I taught at my former institution for 9 years, tenure status, never have been in any trouble prior to being falsely accused.
If you are tenured then you have substantial procedural rights to challenge your termination and many presumptions in your favor. Get ahold of a copy of your tenure rights, file your appeal immediately (time limits can be short) and start your search for legal counsel.
My responses to questions on Avvo are never intended as legal advice and must not be relied upon as legal advice. I give legal advice only in the course of an attorney-client relationship. Exchange of information through Avvo's Questions forum does not establish an attorney-client relationship with me. That relationship is established only by individual consultation and execution of a written agreement for legal services.
As a tenured teacher, you likely have rights under the Education Code in FL. In CA, when a School District wants to dismiss a permanent, certificated teacher, based on allegations (which many times are false and taken out of context) the School District is required to follow the dismissal process outlined in the Education Code. Under the Education Code in CA, a permanent, certificated teacher is entitled to a hearing prior to being dismissed. What happens is the School District informs the teacher of the allegations/charges, and then advises the teacher of its intention to proceed with a dismissal (Notice of Intent to Dismiss). It is the teacher's responsibility to request a hearing, or else the teacher wavies the right to a hearing and will be dismissed from the School District without the opportunity to defend against the charges. Many times School Districts pressure a teacher to resign and do not inform the teacher of his/her rights under the Education Code. By so doing the School District avoids a hearing, which is expensive and time consuming. I always advise teachers NOT to sign a resignation when asked to do so by the School District and to immediately contact an attorney. Unfortunately many teachers are not aware of their rights under the Education Code and sign the resignation form (like you). You should definitely consult with an education attorney in FL as the laws differ in each state.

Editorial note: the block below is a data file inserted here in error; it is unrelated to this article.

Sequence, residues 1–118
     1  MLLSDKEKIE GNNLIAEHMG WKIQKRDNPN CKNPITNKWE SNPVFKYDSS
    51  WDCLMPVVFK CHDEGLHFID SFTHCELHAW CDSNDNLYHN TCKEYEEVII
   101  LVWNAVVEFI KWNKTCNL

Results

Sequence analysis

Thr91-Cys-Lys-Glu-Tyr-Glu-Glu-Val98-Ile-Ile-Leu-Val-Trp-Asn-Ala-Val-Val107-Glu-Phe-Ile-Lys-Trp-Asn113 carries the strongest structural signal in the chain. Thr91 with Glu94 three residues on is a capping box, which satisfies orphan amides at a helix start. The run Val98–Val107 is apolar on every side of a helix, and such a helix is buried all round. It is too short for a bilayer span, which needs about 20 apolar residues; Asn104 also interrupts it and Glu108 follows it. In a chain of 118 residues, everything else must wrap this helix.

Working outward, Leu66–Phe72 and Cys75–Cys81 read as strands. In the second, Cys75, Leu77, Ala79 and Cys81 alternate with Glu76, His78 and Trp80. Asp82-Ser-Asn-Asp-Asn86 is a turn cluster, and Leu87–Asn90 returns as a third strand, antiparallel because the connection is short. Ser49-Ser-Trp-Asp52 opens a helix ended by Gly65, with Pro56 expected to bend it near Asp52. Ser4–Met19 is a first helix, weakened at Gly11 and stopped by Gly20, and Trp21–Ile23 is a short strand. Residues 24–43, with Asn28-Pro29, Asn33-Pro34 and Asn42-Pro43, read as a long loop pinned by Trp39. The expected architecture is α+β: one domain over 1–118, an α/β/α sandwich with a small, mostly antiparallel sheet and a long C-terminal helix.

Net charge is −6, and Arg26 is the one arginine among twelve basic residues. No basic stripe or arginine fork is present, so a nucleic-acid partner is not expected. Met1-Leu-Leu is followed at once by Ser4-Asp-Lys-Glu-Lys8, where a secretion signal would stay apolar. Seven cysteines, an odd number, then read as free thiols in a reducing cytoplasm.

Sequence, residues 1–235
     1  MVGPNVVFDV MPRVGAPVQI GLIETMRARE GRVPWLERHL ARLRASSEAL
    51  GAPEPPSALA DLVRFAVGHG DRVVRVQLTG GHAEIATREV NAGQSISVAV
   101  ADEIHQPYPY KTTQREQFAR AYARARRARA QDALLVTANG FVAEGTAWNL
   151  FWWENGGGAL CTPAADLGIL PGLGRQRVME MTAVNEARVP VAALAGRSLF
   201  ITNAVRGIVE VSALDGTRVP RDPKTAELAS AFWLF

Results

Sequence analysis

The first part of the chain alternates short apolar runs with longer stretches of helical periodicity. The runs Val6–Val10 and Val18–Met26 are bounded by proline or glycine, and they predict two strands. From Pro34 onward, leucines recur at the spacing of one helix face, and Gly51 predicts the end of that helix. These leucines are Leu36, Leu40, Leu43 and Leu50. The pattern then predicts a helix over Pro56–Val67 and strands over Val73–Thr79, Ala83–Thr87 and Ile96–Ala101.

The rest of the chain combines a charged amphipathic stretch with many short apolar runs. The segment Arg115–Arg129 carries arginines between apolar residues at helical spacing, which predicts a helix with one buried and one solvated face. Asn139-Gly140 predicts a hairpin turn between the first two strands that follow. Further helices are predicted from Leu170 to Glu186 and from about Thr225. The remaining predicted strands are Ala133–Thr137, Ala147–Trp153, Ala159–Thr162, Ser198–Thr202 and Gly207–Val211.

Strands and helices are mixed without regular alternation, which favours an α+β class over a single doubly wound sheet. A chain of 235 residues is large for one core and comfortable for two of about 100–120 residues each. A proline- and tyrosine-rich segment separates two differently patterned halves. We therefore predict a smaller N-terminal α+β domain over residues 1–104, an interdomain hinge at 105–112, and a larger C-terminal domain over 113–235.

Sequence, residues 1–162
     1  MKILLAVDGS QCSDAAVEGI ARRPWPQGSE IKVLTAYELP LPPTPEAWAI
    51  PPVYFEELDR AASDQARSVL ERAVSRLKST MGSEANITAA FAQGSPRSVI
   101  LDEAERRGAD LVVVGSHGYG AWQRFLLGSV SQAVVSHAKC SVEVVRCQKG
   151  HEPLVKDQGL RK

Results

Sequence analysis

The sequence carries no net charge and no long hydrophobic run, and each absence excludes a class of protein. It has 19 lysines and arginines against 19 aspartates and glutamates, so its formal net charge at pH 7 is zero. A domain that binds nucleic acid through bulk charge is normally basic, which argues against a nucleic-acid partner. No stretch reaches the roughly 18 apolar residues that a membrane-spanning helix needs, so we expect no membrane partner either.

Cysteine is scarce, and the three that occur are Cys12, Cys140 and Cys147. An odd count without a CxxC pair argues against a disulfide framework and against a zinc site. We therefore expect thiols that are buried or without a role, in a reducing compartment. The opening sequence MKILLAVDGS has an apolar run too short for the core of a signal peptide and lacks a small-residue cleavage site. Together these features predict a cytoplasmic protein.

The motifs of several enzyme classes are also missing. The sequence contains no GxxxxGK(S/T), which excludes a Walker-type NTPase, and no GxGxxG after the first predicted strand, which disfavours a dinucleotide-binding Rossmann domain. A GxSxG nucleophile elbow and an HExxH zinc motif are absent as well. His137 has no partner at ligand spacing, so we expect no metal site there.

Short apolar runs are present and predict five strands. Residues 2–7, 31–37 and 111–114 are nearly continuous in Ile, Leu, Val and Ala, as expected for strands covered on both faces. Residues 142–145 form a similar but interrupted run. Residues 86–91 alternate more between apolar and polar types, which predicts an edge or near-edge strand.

The answer provided is not legal advice. It is for informational purposes only. It does not constitute an attorney-client relationship. You should not rely on the answer before consulting with an attorney during an official legal consultation.
How were you forced to resign? This may play a part in a possible constructive discharge claim. You should review the due process rights granted to you. You need to contact an experienced employment law attorney ASAP.
The answers to questions like this require more information than presented. The answer(s) provided should be considered general information. The information provided by this is general advice, and is not legal advice. Viewing this information is not intended to create, and does not constitute, an attorney-client relationship. A definite answer should be based on a consultation with a lawyer. You should not take any action that might affect your claim without first seeking the professional opinion of an attorney through a consultation in which the attorney can evaluate your individual facts and then apply them to the law. You should consult an attorney who can can ask all the appropriate questions and give legal advice based on the exact facts of your situation. The general information provided here does not create an attorney-client relationship. l
Our Rating is calculated using information the lawyer has included on their profile in addition to the information we collect from state bar associations and other organizations that license legal professionals. Attorneys who claim their profiles and provide Avvo with more information tend to have a higher rating than those who do not.What determines Avvo Rating?Experience & background
Years licensed, work experience, educationLegal community recognition
Peer endorsements, associations, awardsLegal thought leadership
Publications, speaking engagementsDiscipline